We all know how important the supply chain is to inventory management and overall business strategy. A lean supply chain saves money and improves customer satisfaction by cutting wait times for popular items. In summary, it gives you a significant competitive advantage over your competitors.
Conversely, inefficient supply chains waste resources; therefore, it's critical to prepare ahead of time to keep your supply chain as lean and cost-effective as possible. Here are some management strategies to help your suppliers, logistics providers, and internal staff operate better.
To improve your supply chain, start by evaluating your supplier connections.
Ineffective supplier–business owner communication leads to failure. So start by evaluating your supplier communication. Do they respond to your emails promptly? Do you readily understand each other? Or do you waste time repeating yourself?
Good vendors will respond quickly. You don't want to lose money on unsaleable goods because your vendor didn't respond quickly to a critical design change.
Your supply chain will be harmed if your supplier consistently under-delivers, under-ships, or otherwise fails to deliver on their claims. In that instance, severing relations with vendors that have proven to be liabilities is a straightforward fix—search supplier listings to identify a suitable manufacturer.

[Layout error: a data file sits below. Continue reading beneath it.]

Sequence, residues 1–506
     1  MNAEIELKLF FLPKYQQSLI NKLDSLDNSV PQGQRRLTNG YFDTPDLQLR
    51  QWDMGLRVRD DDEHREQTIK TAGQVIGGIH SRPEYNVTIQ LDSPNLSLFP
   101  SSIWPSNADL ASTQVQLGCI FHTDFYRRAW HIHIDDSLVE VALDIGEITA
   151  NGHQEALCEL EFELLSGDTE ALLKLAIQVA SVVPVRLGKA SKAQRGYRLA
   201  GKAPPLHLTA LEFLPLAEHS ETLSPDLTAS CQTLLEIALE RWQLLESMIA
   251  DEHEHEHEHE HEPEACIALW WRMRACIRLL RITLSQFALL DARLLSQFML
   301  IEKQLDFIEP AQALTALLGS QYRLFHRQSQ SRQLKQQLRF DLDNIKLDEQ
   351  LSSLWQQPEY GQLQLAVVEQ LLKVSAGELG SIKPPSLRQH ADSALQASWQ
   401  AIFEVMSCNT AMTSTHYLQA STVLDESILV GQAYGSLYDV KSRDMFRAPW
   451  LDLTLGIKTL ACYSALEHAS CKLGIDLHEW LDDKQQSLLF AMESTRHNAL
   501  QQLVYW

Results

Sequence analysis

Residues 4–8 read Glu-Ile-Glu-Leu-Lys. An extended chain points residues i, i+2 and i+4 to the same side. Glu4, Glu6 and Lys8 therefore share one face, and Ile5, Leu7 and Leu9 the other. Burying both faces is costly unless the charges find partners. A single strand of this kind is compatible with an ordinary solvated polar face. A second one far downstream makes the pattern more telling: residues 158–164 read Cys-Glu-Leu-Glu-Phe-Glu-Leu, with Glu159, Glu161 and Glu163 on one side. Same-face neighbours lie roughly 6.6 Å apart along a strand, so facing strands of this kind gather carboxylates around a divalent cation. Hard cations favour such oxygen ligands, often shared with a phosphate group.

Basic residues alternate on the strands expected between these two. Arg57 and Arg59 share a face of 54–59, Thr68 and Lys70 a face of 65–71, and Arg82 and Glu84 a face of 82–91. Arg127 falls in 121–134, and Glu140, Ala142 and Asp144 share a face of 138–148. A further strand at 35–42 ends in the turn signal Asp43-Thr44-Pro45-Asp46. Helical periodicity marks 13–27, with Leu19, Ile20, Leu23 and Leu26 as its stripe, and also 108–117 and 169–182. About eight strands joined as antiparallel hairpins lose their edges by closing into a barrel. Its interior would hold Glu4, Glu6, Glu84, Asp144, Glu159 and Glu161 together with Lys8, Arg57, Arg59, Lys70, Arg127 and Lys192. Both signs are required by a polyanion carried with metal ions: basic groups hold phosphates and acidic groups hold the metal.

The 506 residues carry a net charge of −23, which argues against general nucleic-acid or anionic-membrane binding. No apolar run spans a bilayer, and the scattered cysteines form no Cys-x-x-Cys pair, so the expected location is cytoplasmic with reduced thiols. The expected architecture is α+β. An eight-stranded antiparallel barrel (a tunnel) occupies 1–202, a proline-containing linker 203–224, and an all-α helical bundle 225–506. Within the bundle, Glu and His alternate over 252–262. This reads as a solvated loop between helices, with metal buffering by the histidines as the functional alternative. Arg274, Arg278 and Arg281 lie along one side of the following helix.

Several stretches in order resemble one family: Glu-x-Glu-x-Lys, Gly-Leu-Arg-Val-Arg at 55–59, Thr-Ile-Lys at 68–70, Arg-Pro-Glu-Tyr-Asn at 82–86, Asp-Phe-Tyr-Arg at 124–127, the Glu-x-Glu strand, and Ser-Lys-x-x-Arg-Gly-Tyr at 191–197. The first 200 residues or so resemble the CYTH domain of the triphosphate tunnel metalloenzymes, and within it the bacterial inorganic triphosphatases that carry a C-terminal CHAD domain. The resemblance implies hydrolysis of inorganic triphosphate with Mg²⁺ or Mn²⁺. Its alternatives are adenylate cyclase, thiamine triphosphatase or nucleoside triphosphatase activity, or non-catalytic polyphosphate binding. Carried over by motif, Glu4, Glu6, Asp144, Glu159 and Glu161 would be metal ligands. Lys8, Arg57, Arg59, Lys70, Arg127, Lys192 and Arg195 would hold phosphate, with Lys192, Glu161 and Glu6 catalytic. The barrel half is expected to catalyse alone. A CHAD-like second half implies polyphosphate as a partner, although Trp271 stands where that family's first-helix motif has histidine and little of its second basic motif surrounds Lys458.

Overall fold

To optimise your supply chain, examine how quickly your suppliers can fulfil your requests. Stockouts occur when suppliers take weeks to produce an order, forcing you to reorder things sooner, increasing the risk of demand planning errors.
Operating a global supply chain with a supplier halfway around the world may not be efficient for a lean supply chain ordering small volumes at a time. If your demand forecast is off, a local seller may be a better choice.
Demand planning can increase supply chain efficiency if you don't use previous need data to estimate consumer demand. You need to be confident in your ability to work with your supply chain partners to ensure you have enough supply to fulfil demand.Integrated Business Planning can help your team analyse and prepare for your upcoming supply changes to support the business all year round, not just during peak holiday times.
Planning around suppliers and other elements like geography is also part of good supply chain management. For example, if you work with a Chinese vendor, you may need to organise your buy orders around the two-week Chinese New Year break. This ensures timely delivery and reduces supply chain expenses (because your products aren't sitting on an ocean-bound port).
Something that works well today may not function well tomorrow. Smart supply chain managers realise this and monitor important elements to identify weak places. Inefficient supply chain management can be immediately identified with inventory management services integrating supplier and logistics management systems. But you can also manually solve issues.
Examine your supply chain performance at least once a quarter. Look for any emerging trends. Has your company seen an increase in late shipments, unfulfilled orders, items, or poor quality? If so, track down the root of the problem. Once you identify the source of your issues, you may take steps to enhance your supply chain.